Just 25 minutes from Kirkwall by boat, Shapinsay is a fertile and green land which is also home to the most northerly castle hotel in the world. Admire the turrets of this Victorian structure as you take a stroll, or head to the Mill Dam to see little grebes and whooper swans at the RSPB reserve.
Further north than the southern tip of Norway, but with a mild climate, North Ronaldsay is the furthest flung of the Orkney isles. Old traditions are still very evident here and you can discover a wealth of flora and fauna, from mammals and birds to beautiful wild flowers.
It is easy to get around on Westray and you can explore the whole isle in one day - either by bike, car or organised tour - although there is enough to see and do to warrant a longer stay. This was one of the earliest parts of Orkney to be settled by Vikings and the historical highlights include both Neolithic and Norse settlements.
Generations of settlers have been attracted to the peaceful calm of Papa Westray, which may be due to its small size. From the dramatic cliffs to the rolling agricultural land, the scenery is varied. Visit Holland Farm and the bothy museum for a fascinating insight into the history of this isle.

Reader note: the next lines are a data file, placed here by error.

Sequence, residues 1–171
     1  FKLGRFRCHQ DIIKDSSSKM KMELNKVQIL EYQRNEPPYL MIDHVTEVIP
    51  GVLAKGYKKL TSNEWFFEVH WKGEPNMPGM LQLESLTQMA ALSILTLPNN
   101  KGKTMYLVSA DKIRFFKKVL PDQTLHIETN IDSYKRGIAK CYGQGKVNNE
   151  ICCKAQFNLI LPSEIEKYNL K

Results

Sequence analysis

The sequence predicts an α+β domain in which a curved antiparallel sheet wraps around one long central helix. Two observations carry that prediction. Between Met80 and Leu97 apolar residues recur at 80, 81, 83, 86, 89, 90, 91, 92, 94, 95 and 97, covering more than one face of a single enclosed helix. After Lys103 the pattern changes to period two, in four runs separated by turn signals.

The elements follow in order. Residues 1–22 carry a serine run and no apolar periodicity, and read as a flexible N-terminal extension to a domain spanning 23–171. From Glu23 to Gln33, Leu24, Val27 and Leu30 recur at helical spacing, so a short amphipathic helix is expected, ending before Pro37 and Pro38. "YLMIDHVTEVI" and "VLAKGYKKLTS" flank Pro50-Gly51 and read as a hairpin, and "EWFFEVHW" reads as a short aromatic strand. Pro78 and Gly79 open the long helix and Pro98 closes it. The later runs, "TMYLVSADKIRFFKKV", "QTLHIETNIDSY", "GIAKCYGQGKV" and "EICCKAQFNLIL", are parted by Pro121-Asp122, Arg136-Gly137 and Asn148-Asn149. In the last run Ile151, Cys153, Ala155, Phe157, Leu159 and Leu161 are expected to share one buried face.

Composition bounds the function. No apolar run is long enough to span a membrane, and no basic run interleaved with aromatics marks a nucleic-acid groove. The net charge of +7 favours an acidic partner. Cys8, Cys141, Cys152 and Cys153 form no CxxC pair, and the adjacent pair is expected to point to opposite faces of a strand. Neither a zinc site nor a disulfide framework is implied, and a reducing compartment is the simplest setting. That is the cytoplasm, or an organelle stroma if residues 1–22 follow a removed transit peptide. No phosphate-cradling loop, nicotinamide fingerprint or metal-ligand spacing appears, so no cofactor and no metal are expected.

Rousay boasts some of the best preserved monuments in Scotland, earning a reputation as the ‘Egypt of the North’. The distinctive hilly scenery on the isle was carved out when glaciers spread across the land.
Egilsay houses a round-towered church in memory of St Magnus, on Wyre you can see a Viking chieftain’s stronghold and Eynhallow was once a holy isle with evidence of a 12th century monastic settlement.
Three large bays and several sweeping beaches define the character and shape of Stronsay. Whitehall village was formerly one of the busiest ports in Britain where herring boats landed their catch. Today you can glimpse this history with a visit to the heritage centre based at the old Fish Mart.
The largest of the Outer Isles, Sanday is perfect for wandering the beaches or fishing in the lochs, with an abundance of wildlife to discover as you explore.
Eday is a surprisingly hilly isle with beautiful panoramic views and farms and crofts adorning the coastal strip. The Setter Stone is an interesting landmark and Neolithic monument, standing out against the landscape. Points of interest include well-preserved chambered tombs and Iron Age houses.
With excellent ferry links and captivating discoveries around every corner, island hopping is an enjoyable and accessible way to discover all that Orkney's islands have to offer.